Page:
Fourth from the left stands the family of fallen Lee County soccer player Madison Stokes — father, Steve; mother, Janine; and brother Evan — as they’re surrounded by members of the Deerfield and Lee County girls soccer teams Saturday night at Darton State College before the inaugural Madison Stokes Memorial Game. The Stokes and the players let balloons float to the heavens before the game to honor Madison’s memory. (firstname.lastname@example.org)
ALBANY — Somewhere, Madison Stokes was smiling.
Even as the skies opened and drenched Saturday’s inaugural Madison Stokes Memorial Game between the Lee County and Deerfield girls’ soccer teams, there was a special feeling floating around the soccer community gathered at Darton State College.
In their first time playing each other in history, Lee County and Deerfield tied, 0-0, in a rain-shortened, friendly game — but it was an evening that was about much more than soccer as hundreds showed up to pay tribute to Madison, a member of the Lee County soccer team who tragically died in an car accident last August.
“That was a perfect score,” Lee County coach Dave Baltenberger said. “A tie was a good way to do it because (Saturday) wasn’t about who won.
“It was about Madison.”
The pouring rain briefly stopped for about an hour, allowing the teams to take part in pregame ceremonies and play 45 minutes of soccer before the downpour resumed, prematurely ending the festivities.
The event — which also featured inflatables, games and concessions — raised $3,800. That will all be donated to the Honduran mission that Madison and other members of Gillionville Baptist Church served at last summer.
“It was perfect,” Deerfield coach Aly Joslin said. “You just looked and there were hundreds of people out here, and we achieved everything we wanted to. We had a good 45 minutes of soccer, good food, music going on. It couldn’t have gotten any better.”
There were festivities, but there were also tears welling up in the eyes of hundreds as Steve Stokes, Madison’s father, kicked off the event with a 10-minute speech about his 16-year-old daughter who was taken from him nearly 11 months ago.
“She had a natural beauty about her,” Steve said as he addressed the crowd. “She understood what life was about and how precious life was. … The smile she had was so contagious. If she knew that picture of her was in (The Herald on Saturday) she probably wouldn’t have liked it because she didn’t have much makeup on. But she is probably grinning about it now. To me she was pretty.”
Madison was a lot of things to a lot of people. Lee County rising senior Courtney Ostrus knew her as a friend and a teammate, and Ostrus knew she was smiling down during Saturday’s festivities.
“Madison obviously had a very large impact on the community, and we were all very close to her,” Ostrus said. “It was great to be able to play for her.”
Ostrus and the rest of the Lee County team couldn’t look away as Madison’s father spoke about their fallen teammate.
“Obviously, when he started talking about soccer, I thought of her and all of our good times together, but when he talked about her smile or when she went and did mission work, I thought of her,” Ostrus said. “It’s amazing how much one person can touch so many people. She was a very, very special girl.”
Steve Stokes thanked the friends, family members and strangers who helped him and his family through the difficult months that followed Madison’s accident, telling stories how his daughter’s smile and spirit touched everyone she met.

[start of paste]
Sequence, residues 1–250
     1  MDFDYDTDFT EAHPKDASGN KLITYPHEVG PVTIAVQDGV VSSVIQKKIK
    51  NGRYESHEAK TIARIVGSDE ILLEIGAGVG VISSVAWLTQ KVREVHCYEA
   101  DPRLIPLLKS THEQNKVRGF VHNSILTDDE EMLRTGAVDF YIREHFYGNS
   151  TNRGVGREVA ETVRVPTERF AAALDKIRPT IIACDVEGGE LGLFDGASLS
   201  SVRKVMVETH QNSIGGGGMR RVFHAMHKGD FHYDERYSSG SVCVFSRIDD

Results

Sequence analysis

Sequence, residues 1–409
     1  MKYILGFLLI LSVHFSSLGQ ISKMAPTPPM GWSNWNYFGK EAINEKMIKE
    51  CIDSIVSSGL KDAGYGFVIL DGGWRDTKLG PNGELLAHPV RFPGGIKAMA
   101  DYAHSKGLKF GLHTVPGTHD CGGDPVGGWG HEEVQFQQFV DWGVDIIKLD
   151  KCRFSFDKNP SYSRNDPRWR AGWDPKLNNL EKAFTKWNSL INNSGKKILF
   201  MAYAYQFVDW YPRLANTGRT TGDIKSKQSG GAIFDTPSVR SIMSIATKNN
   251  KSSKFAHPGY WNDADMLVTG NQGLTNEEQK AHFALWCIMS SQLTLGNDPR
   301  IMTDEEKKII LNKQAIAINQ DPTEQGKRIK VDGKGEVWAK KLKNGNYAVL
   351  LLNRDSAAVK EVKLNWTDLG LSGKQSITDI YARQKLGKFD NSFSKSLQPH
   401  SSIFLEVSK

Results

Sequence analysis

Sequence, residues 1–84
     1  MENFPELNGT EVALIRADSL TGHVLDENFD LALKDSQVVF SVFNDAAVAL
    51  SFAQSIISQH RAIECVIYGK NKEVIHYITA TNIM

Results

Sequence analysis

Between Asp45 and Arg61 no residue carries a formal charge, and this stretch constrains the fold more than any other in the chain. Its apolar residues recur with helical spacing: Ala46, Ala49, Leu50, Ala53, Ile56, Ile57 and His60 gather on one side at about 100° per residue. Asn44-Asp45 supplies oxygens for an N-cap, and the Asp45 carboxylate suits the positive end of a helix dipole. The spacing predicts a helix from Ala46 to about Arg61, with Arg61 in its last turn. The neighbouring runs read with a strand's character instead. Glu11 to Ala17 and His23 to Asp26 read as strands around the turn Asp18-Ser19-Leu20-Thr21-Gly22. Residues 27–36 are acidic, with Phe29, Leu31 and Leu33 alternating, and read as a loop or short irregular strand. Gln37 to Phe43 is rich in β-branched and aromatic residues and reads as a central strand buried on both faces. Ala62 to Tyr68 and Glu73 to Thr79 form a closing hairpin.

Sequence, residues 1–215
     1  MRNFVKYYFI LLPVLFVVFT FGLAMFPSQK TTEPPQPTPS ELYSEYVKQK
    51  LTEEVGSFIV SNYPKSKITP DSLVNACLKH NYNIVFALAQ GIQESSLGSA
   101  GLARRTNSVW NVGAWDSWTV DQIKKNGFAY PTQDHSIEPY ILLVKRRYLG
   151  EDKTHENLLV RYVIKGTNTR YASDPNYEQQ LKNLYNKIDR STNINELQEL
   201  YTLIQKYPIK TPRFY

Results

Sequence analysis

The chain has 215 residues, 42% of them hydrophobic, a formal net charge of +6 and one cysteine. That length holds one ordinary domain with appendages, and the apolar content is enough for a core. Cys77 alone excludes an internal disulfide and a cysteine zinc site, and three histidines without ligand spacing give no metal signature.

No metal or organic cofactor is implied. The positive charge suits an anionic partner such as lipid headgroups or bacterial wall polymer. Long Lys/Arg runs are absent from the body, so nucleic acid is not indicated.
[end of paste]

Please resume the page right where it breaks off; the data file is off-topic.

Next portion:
“It’s unbelievable the way this community has pulled together for this cause,” he said. “We are all so close as a family, and this pulled us closer.”
After giving his speech, Stokes joined his wife, Janine, and his son, Evan, on the field to release balloons in honor of Madison along with both teams.
“I’m glad we could all get together in her memory, because I know soccer was her favorite sport,” said Deerfield’s Casey Kincheloe, who was the closest to breaking the 0-0 tie with a handful of shots on goal. “I played on her travel team, and she was a very good defender. She was a sweet girl, and it’s great that we were able to raise this much money.”
And it’s money that will go straight to where Madison’s heart was --- Honduras.
“I would have thought $36 would have been good when we started planning this, but ($3,800) is amazing,” Baltenberger said. “We want to keep doing this every year and grow it.”
The Lee County girls dedicated their season to Madison, and Saturday’s game was no different as they wore their “We Play For Madison” blue T-shirts, while Deerfield wore white T-shirts with Madison’s nickname, “Mad Dog.”
Joslin stood on the sideline barking instructions to his girls during the first half, but he said he never lost sight of what the evening was all about.
“My life has pretty much revolved around soccer. Since I’ve come to America (from England), it’s pretty much the only thing I’ve known,” said Joslin, who has been the DWS coach for four years. “When you stand out there for that reason, it really brings you down and reminds you that all this is is a game of soccer.”
Both teams had chances to score during the game, but it was the defenders— and a little offseason rust — that ultimately prevailed.
Neither team walked away with the public school vs. private school bragging rights, but Joslin said his GISA Lady Knights proved one thing: They can stay on the same field as the GHSA Class AAAAA Lady Trojans.
“They have so many more hundreds of students than we do, so we were happy with a tie,” Joslin said. “We look at 0-0, and the last time we stepped on the field we lost, 8-0, in the state championship. We defended a lot better (Saturday) than we did all year. It was jus the attacking stuff where we didn’t help ourselves out.”